By Nancy N. Roy
One of the more amazing opportunities of my life was when I was just a young girl of 8-years old, or so, and I lived in England with my family. My Dad was in the Air Force and was stationed near a huge airbase just a 45-minute train ride from downtown London.
We were stationed there for three years. My sisters and I started elementary school in the little village of High Wycombe. I can still remember the exact path and almost the number of steps between our house and the elementary school as we walked to school every day.
Then, more than 25-years later, Chuck and I met in London – he came in from an engineering project in Saudi Arabia and I had my sister care for our 18-month old daughter back in Louisiana.
We spent two-weeks in the “The Old Smoke” enjoying everything of interest to us. Piccadilly Circus, Soho, The Tower, Big Ben, Hyde Park, Buckingham, and so much more. All of downtown London was amazing. Except Chuck did not particularly care for the food.
We had “jellie-deels” on the recommendation of the waiter at a small pub one night. We had no idea that it was a plate of jellied eels! Horrible to see and smell but so much worse to eat!
The premier experience for me was the opportunity to return to the home where we lived back in 1958. A much smaller than I remember homestead that could have been featured in a tour guide or the face of a postcard. Charming, and so typical of the English countryside. I told Chuck of the times we had there and of how much I appreciated the opportunity to live in a mostly foreign country.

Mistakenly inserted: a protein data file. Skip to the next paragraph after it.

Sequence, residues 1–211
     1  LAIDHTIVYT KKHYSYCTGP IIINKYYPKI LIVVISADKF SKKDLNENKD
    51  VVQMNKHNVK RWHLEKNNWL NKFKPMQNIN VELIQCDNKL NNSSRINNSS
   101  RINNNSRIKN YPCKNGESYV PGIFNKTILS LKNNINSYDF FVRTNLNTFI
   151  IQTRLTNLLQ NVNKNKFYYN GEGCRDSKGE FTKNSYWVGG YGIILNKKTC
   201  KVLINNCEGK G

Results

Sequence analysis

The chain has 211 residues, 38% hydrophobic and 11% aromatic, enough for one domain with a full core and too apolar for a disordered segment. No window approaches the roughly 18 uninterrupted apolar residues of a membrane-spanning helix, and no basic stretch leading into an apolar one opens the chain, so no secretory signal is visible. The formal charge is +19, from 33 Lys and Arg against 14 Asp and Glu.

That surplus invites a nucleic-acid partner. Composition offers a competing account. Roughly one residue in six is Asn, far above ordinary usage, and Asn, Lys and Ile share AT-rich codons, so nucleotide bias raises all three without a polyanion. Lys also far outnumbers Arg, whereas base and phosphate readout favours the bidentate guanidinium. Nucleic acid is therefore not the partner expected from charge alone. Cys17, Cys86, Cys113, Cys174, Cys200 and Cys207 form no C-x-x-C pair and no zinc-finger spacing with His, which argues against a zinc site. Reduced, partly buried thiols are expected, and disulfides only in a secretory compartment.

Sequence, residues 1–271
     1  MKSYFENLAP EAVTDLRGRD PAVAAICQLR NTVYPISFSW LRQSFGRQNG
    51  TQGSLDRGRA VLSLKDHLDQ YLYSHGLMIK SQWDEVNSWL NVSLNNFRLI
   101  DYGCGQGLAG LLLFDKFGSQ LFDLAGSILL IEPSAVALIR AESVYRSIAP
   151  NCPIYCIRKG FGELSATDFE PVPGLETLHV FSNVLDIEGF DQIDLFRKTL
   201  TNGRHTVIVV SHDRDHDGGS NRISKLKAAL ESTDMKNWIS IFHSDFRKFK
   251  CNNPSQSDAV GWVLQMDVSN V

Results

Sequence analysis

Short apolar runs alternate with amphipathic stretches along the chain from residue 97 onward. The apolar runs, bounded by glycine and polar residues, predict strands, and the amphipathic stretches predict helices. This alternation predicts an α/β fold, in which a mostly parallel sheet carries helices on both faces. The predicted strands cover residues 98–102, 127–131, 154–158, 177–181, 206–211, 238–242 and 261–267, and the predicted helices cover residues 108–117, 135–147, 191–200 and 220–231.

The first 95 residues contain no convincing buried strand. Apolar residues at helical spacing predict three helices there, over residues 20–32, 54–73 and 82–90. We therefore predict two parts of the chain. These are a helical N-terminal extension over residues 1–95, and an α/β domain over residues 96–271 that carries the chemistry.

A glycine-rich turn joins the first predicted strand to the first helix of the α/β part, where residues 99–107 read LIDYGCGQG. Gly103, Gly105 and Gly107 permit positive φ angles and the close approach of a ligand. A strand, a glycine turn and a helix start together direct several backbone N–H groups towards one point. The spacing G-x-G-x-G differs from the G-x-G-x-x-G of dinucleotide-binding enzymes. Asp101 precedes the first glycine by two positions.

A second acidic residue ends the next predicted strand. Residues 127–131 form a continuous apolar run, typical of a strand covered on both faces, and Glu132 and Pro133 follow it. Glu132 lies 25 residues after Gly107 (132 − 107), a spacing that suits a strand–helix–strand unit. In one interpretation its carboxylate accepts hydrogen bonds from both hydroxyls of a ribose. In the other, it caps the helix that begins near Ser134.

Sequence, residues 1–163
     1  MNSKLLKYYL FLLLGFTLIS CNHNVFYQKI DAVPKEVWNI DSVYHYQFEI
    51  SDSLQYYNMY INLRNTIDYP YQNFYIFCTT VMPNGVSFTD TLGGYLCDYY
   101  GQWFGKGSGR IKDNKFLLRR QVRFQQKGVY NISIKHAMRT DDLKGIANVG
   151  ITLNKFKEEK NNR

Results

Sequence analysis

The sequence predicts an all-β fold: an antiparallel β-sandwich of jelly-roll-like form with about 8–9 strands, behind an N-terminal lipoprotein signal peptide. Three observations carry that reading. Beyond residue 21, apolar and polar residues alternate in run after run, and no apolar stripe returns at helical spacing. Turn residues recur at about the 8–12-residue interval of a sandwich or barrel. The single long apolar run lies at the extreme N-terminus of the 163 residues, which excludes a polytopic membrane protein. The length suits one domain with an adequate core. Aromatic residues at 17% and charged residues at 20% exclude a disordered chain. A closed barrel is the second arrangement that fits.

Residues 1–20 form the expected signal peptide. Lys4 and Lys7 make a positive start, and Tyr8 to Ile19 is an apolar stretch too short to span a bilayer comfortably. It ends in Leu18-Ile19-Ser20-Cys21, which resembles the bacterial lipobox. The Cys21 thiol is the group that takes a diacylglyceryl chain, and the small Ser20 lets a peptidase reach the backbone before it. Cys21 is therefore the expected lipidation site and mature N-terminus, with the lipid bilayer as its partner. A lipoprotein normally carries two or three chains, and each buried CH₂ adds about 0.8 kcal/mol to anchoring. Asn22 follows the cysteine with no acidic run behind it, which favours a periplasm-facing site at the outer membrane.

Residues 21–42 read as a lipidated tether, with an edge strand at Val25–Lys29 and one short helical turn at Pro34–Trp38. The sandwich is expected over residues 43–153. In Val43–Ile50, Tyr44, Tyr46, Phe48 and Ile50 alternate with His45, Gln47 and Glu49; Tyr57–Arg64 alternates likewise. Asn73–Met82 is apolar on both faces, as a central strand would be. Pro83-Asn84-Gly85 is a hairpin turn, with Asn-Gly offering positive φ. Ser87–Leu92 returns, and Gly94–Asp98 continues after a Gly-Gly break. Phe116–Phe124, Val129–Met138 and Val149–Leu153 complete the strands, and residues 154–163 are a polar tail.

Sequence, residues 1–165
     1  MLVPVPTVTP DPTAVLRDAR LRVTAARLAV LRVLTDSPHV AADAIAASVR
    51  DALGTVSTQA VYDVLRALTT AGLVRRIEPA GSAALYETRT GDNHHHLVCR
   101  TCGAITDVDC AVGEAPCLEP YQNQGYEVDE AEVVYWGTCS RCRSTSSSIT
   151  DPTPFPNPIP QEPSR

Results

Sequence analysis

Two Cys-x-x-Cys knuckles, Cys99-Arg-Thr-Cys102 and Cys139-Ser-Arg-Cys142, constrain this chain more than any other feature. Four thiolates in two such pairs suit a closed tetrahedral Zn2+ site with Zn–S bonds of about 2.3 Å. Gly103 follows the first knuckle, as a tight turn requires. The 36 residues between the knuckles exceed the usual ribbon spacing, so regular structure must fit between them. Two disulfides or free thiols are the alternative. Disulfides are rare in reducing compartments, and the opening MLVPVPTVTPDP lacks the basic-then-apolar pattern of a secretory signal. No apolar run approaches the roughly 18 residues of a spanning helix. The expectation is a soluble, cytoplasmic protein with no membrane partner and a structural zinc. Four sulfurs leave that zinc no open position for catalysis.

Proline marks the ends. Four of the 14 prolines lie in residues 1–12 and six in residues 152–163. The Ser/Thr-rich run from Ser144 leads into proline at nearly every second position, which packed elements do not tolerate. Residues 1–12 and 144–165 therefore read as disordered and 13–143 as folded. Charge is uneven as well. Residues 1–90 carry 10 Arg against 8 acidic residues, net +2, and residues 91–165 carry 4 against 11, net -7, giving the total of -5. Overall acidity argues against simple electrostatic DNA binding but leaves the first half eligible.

While we were there, all those years back, I showed Chuck my playground where I played with my first boyfriend, an 8-year old redheaded kid whose name I can’t remember. I showed him the ice cream parlor in the heart of the town, the school grounds of my first through third grades of school. It was an intensely emotional time of sharing and reenacting the days of my youth.
Currently, I am in London with my daughter and my two grandchildren. Elizabeth is working remotely and will spend the entire summer in England as a “horizon expanding” experience for the kiddos. I am here as a volunteer nanny, watching the youngsters during the day, a little cooking and cleaning of our two-bedroom flat, but mostly selecting the activities for the evenings and weekends of my stay.
Next weekend, I have scheduled a train ride to return to the little hamlet of High Wycombe and I will again retrace the footsteps of my childhood only, this time, with my child and her children. I am excited to share with them the flood of memories and emotions I recall from a time when I was their age.
I will take them to the city square and buy them an ice cream as my mom did for me. I will show them the house we lived in and the window of my old bedroom. I will tell them the stories of the elementary school I attended as we walk the old school playground. I will share with them the sights and sounds of the familiar places and retell the stories that were important to me.
I am certain that it will, once again, feel like coming home. In the weeks to come I will share with you our experiences all the time understanding that you can return home again, if only for a little while.